Dubai: Timely intervention by a Dubai surgeon saved the life and limb of a Swiss tourist and averted complications caused by a jellyfish sting.
Claudia, a 55-year-old tourist on a family holiday from Switzerland, was enjoying her day out at a beach when she was stung by a jellyfish.
The sting caused sharp pain, followed by a burning sensation. The sting was so severe that moments later it triggered a massive swelling of her left arm, blocking major arteries and impairing blood flow.
As Claudia experienced severe pain, which was not subsiding, she visited Al Zahra Hospital and was referred to Dr Mohammad Raafat Okelah, consultant vascular and endo vascular surgeon.
Dr Okelah told Gulf News: “The blocked arteries were caused from a blood clot in Claudia’s arm. The venom injected by the jellyfish could have led to gangrene, [death or necrosis of the tissue due to lack of blood flow] and eventually led to the loss of the arm. A venomous sting from a jellyfish with such complications is considered to be a rare case in Dubai, with most stings fortunately being minor and not requiring any medical intervention.”
He added: “The patient was in a highly critical condition when she came to me; she required immediate surgery to salvage her arm. Due to her complex state, we had to perform multiple surgeries to guarantee that she healed properly without losing her arm. Once we performed the surgeries, and administered medication, the patient’s health started improving remarkably well and within two weeks of staying at hospital, she was well enough to be discharged.”
Among the procedures that the patient had to undergo were an initial surgical Thrombectomy (removal of clot from the arteries). This was performed with intra-arterial injection of medication to dissolve the blood clot, which took around six hours.
Dr Okelah said: “The aim of the procedure was to remove the blood clot from the arteries, allow the blood to flow freely and avoid serious complications including limb amputation. After the initial procedure, the patient required several more surgeries to ensure the vitality of her arm tissues and complex surgical dressing was done repeatedly to ensure proper tissue healing.”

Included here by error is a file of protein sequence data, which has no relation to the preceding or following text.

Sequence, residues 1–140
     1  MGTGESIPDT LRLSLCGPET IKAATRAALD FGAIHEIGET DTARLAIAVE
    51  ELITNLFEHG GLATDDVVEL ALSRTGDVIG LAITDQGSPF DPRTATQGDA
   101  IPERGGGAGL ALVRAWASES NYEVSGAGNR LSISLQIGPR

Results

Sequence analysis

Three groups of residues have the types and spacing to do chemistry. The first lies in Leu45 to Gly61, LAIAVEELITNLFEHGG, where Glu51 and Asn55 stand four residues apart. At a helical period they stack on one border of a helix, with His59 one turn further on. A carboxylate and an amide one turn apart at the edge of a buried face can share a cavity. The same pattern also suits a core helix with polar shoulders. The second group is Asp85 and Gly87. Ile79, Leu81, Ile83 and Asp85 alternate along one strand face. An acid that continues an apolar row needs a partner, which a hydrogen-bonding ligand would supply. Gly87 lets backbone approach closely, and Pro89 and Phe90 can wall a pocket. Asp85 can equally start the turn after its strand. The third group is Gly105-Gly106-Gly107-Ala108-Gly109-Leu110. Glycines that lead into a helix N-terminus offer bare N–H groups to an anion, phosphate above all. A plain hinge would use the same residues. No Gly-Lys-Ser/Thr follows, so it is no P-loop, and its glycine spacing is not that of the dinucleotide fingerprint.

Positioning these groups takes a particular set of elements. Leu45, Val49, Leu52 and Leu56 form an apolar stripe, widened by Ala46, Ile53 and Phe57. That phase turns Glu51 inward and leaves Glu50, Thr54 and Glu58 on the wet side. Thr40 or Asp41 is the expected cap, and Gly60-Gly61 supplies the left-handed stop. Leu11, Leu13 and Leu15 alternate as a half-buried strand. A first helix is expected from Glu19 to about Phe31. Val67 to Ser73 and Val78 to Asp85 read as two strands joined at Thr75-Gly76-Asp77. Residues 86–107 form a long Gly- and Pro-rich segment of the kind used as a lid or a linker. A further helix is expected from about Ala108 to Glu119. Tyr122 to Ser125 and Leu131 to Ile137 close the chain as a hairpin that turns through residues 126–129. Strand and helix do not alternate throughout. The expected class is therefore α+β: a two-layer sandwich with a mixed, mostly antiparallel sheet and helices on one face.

In addition to the surgeries to salvage the limb and dressing to promote her healing, a skin graft surgery was also performed to cover the damaged skin and assist in quicker healing.
‘It was a miracle’
Claudia, who made a full recovery, who was able to fly back home two weeks after the surgery, expressed her gratitude to the hospital. She said: “The last thing that I expected to happen was that I would end up in a hospital during my vacation. It was an extremely stressful experience. Being tourists, we had no idea who to approach for help, or which hospital to visit”.
She added: “It was a miracle that I was referred to Dr Okelah. He not only took the right surgical decisions but went the extra mile, guiding me, as well as my husband throughout the whole experience and making us feel at home. I am very grateful for the care given by the entire medical staff.”
Jellyfish sting: What to do
• Try and avoid some sections of the sea during peak jellyfish season
• Follow the advice of local authorities to know concentration of jellyfish colonies
• When wading in the water, wear protective clothing to prevent the venom in the tentacle from being absorbed in the skin
• If stung, immediately get the infected wound cleaned
• If symptoms do not subside and the swelling persists, it is advisable to seek medical help